The Last Thing To Do Before Throwing Away Empty Wine Bottles

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Your windowsill is lined with empty wine bottles holding long-stemmed, long-dead roses. You've turned your empty wine bottles into candle holders — hours spent cross-legged on the floor meticulously dripping layer upon layer of different colored wax down the bottle's length, sustaining more than a few burn injuries along the way. (It's an art, okay?) If you're thirsty for another way to put those empties to good use, look no further. We've got you covered.

It might be tempting to rage quit and turn to the blue can, but give those wine bottles a second look: Rinse 'em out and use them for decanting homemade oils and vinegars. If you've never tried making a homemade vinaigrette before, maybe this is your cue to start.

Not only is this a thrifty money-saver, but it also means all your oils will have matching bottles and matching labels that you get to design yourself. (We're looking at you, aesthetic-appreciating foodies.) Paint a smear of chalkboard paint across the bottle and you could reuse them for storing different contents in style again and again. Never before have your vegetable oil, canola oil, olive oil, sunflower oil, and sesame oil looked so good living together in perfect utilitarian harmony. Bonus points if you store your cutesy uniform lineup somewhere visible, like on an open shelf or neatly arranged on top of the fridge.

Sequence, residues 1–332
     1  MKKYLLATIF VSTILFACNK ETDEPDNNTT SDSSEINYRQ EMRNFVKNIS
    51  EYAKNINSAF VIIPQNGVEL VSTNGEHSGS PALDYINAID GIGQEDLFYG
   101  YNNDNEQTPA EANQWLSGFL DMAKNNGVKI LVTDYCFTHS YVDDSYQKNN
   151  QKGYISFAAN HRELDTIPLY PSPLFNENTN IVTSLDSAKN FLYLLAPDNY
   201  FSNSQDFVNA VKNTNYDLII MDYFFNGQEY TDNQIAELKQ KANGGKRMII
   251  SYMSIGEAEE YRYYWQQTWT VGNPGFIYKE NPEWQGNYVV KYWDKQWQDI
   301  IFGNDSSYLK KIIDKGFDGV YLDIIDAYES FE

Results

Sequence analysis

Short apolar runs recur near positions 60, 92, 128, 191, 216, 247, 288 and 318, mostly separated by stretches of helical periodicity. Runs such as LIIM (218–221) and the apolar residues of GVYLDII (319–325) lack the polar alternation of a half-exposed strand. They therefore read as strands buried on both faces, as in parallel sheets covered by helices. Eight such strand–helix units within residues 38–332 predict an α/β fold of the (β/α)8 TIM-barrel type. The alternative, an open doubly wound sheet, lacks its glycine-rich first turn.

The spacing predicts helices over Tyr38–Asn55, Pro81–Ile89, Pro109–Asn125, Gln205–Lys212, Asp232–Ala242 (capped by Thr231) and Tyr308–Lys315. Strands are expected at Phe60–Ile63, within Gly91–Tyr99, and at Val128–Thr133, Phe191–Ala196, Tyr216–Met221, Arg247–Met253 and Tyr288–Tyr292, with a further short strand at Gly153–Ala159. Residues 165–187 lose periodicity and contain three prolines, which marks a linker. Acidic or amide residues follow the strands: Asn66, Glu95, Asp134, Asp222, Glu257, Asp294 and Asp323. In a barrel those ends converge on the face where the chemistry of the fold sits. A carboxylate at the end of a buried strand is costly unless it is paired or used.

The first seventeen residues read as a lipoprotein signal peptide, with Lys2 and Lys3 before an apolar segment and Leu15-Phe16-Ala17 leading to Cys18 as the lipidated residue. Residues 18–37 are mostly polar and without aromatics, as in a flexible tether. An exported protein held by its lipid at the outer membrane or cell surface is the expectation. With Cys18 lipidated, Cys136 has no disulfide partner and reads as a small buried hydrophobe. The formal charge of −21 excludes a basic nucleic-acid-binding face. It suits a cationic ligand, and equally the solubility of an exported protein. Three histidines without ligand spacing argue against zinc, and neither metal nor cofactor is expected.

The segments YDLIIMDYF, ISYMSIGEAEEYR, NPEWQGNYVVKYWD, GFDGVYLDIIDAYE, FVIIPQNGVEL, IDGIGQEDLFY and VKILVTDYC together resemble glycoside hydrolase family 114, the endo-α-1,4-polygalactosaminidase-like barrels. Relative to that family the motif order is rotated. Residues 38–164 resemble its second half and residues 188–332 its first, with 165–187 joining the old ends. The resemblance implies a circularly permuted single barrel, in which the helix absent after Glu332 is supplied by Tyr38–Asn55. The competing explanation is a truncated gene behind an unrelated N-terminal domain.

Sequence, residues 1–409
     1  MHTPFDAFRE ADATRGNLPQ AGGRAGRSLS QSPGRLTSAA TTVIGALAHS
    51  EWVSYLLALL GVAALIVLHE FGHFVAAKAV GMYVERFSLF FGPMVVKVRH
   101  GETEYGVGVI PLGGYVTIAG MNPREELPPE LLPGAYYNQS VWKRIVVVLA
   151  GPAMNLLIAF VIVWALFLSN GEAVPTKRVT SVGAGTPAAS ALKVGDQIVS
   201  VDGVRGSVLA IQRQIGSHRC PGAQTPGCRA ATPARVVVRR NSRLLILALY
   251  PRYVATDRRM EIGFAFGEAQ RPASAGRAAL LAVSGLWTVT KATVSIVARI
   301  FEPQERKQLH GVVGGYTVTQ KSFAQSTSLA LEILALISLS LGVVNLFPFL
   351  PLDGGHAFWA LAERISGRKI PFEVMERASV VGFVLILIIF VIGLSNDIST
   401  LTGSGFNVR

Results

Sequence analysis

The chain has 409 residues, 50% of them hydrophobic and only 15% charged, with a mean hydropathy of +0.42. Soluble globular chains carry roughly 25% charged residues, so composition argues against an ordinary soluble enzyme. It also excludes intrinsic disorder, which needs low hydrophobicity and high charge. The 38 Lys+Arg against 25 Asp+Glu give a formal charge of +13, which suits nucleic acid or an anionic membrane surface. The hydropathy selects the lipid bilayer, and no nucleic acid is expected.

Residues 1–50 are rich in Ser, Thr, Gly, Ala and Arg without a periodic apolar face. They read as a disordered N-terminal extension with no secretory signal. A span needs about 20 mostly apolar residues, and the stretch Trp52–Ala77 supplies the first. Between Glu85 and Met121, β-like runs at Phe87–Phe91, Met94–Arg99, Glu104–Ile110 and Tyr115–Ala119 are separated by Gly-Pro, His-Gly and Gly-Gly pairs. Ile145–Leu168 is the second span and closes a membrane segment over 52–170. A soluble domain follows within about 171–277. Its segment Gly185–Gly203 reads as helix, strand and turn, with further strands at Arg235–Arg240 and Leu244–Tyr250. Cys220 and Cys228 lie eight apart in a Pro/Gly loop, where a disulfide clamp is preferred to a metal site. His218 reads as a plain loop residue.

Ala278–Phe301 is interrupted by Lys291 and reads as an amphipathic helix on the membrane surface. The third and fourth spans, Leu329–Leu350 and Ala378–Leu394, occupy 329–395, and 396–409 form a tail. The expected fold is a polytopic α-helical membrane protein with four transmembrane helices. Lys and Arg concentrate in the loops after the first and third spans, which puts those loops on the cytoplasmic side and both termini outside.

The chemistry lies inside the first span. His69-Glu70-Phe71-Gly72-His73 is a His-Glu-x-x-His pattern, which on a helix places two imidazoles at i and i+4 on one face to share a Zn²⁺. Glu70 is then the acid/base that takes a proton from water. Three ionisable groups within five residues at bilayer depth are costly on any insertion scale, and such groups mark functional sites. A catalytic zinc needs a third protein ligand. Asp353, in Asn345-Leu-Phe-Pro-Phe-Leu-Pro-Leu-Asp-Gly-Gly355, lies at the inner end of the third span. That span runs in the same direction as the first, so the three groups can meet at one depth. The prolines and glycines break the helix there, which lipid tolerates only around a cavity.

Nothing to wine about here

Cooking oils and vinegars are far from the only things you can decant in your repurposed wine bottles. These enclosed spaces are also perfect for preserving peppers; just slice up some habaneros or long Thai chiles, stick them in the bottle, then fill it with rice vinegar for a spicy, slightly pickled creation. You can use 'em for garnishing salads and cocktails or simply snacking on as-is.

You could also use those empty wine bottles for another mixology-related purpose: decanting homemade infused liquors. It's the ideal way to combine your love of sipping with your love of cooking. Plus, the more wine you drink, the more bottles you'll have to fill with new imaginative libations. To do it, pick a neutral spirit like vodka or gin and infuse it with the ingredients of your choice, such as rosemary, blueberries, rose petals, fresh cherry blossoms, macerated white peach slices, tomato and black peppercorns (great for Bloody Marys), dandelions, hibiscus, violets, orange peel, or anything else you can dream up. Get other foodies in on the fun and host a wine party, sending your guests home with empty bottles. Then, host another party the following weekend where everyone can show off the infused spirits they've made.

The only thing you'll need to purchase is a pack of bottle pourer spouts. A two-pack of stainless steel spouts runs for around $4.99 on Amazon, and they'll fit snugly in the mouth of a standard wine bottle.